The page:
Length: If your hem is fringed, you’re going to be more focused on where the solid suede ends on your person, which should be right under your big. Like on the bottom of your buttcheek. This is true when there’s no fringe on the hem either.
Sleeves: Pretty flexible — if you’re going to have to roll the sleeves over to expose a bit of wrist bone, you want the width to be wide enough that it’s not suffocating/too complicated with the fringe that runs down the back of the sleeve. I’d stay away from something too narrow, or cropped to look shrunken as these tend to look too contrived for a jacket that is supposed to appear more organic.
You can try a classic leather because fringe is fringe and there are definitely instances when it works 👇🏻
This jacket’s from California-based My Dear Tejas; the picture’s from last year
This one’s from the story “Just get dressed up”
But I personally think suede makes the overall piece more versatile, in particular because it does a better job of making fancy clothes look more casual while the texture adds an element of depth. Then the fringe does its own job of adding movement and dynamism to otherwise simple silhouettes.
A suede fringe jacket just really does the work for you.
3. Placement of fringe
This one’s a little nitpicky, but I like to be able to scrunch my sleeves up (mostly to expose jewelry/show my wrist bones — it adds an element of femininity) and when the fringe is too long or travels too far to the front of the jacket, it looks too messy.
You’ll notice 👆🏻here👆🏻 for example the fringe comes forward, which looks great when the sleeves are down and actually adds more character to the overall shape but aggro when I scrunch 👇🏻.
So if you’re going full fringe, don’t scrunch. If you must scrunch, consider alt. option. The one other thing I’d say before we move on to color: size and length of fringe matters. You don’t want the fringe to exceed like, 3-6 inches long, and you want the width to stay narrow enough that movement is swift. This is an example of a fringe I’d call too thick. This is too long.
Sand, cappuccino, dark brown are the best foils to denim and they are neutral enough to pair with color. (I prefer a sandier shade to a more caramel shade if you wear a lot of white:)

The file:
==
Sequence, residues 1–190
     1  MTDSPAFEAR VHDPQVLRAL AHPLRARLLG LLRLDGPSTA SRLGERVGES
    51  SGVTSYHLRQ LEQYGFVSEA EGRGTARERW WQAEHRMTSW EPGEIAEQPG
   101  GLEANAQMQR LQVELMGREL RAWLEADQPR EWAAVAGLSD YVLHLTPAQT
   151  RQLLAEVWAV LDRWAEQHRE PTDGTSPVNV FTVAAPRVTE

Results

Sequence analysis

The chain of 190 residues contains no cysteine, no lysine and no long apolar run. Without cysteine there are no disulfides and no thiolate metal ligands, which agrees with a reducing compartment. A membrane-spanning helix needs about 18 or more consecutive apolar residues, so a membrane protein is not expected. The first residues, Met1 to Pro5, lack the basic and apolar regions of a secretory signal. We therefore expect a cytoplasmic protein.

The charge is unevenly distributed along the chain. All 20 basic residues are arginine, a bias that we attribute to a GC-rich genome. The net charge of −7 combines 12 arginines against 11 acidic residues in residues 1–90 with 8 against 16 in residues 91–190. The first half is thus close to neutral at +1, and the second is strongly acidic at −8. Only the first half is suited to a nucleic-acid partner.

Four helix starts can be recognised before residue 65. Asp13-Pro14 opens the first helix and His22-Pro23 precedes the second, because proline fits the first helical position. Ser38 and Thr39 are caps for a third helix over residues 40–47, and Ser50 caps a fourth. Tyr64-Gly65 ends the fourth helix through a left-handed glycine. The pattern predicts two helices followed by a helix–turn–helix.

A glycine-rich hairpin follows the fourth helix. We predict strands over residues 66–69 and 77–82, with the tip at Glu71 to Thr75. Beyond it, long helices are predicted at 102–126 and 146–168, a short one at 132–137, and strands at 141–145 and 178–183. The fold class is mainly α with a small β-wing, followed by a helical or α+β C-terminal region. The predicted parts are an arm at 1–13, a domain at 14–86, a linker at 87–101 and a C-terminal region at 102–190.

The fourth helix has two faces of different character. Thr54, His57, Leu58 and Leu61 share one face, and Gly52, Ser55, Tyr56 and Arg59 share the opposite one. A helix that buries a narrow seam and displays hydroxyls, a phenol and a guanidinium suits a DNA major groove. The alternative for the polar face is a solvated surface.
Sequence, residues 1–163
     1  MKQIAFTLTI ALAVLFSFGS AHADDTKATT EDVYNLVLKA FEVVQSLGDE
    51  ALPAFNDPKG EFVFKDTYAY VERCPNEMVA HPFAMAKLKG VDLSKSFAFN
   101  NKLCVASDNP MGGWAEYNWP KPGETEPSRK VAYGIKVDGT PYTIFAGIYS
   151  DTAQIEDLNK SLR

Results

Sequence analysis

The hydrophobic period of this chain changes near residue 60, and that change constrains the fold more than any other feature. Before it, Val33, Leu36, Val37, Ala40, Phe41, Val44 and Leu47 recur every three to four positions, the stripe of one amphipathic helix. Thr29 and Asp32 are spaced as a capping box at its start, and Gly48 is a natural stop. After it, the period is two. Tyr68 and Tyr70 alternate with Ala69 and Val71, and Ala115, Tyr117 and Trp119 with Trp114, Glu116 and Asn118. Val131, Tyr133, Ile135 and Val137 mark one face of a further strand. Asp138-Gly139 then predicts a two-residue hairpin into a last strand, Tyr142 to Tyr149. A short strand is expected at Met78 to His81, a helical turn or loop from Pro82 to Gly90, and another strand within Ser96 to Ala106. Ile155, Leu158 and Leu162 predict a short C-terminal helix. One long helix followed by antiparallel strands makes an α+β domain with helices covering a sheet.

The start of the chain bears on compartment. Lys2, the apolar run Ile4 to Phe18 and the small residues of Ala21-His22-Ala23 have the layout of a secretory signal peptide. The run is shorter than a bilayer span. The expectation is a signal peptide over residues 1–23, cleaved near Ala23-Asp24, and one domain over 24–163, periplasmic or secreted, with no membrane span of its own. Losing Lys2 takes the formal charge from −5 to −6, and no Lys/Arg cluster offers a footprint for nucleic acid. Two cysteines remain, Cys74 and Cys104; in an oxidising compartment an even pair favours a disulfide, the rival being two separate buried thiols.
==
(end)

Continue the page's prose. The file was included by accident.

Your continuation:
But I do love a denim-ish shade of blue too. Works with jeans (though not as well), is great with the complete range of shades of khaki, brown, grey (to black) and if you wear a lot of red, great with that too.
Here’s Laura Vidrequin in a blue Bode jacket; the same shape is for sale on Mr. Porter but it’s caramel colored and studded
Laura Vidrequin (pictured above, these photos are from her Instagram) is actually an ideal example of someone who knows exactly how to wield a fringe jacket to the best of its potential, carrying the weight of the look and releasing pressure from your closet. This is a perfect segue into the final factor:
5. How to wear it
You make the jacket work for you and you don’t have to try hard to do that: pair it with your easiest clothes. Jeans, t-shirts, tank tops, sweaters/sweatshirts.
Laura says Khaite, Bode, Isabel Marant make the best fringe jackets and recently, she’s been sourcing and making vintage ones in Morocco. She’ll find the fabric (likes it light and soft) and then direct the tailor/seamstress from there.
The fringe hem certainly adds a good dose of character and the more plentiful the fringe, it seems the better. You’ll notice the hem on the ones above are so rich it’s almost like the suede goes straight across. I’d just caution (or offer relief depending on your preference) that if you’re going the route of a fringe hem, your best bet is to pair it with the most basic clothes you have. Sweatpants are not off-limits! Knee cap leggings might be.
Now here are the best ones I have found on the internet as of Monday, 4/17 at 11:14 a.m.:
I feel confident saying that because suede jackets are never actually in, they can’t really go “out” either. They’re more like leopard print in that they float through the ether and catch sparks of fancy at random, but functional times. And the best part is that they get better with age. Wear your heart out of it, baby. (But not literally.)
That concludes this edish, I’m signing off yours,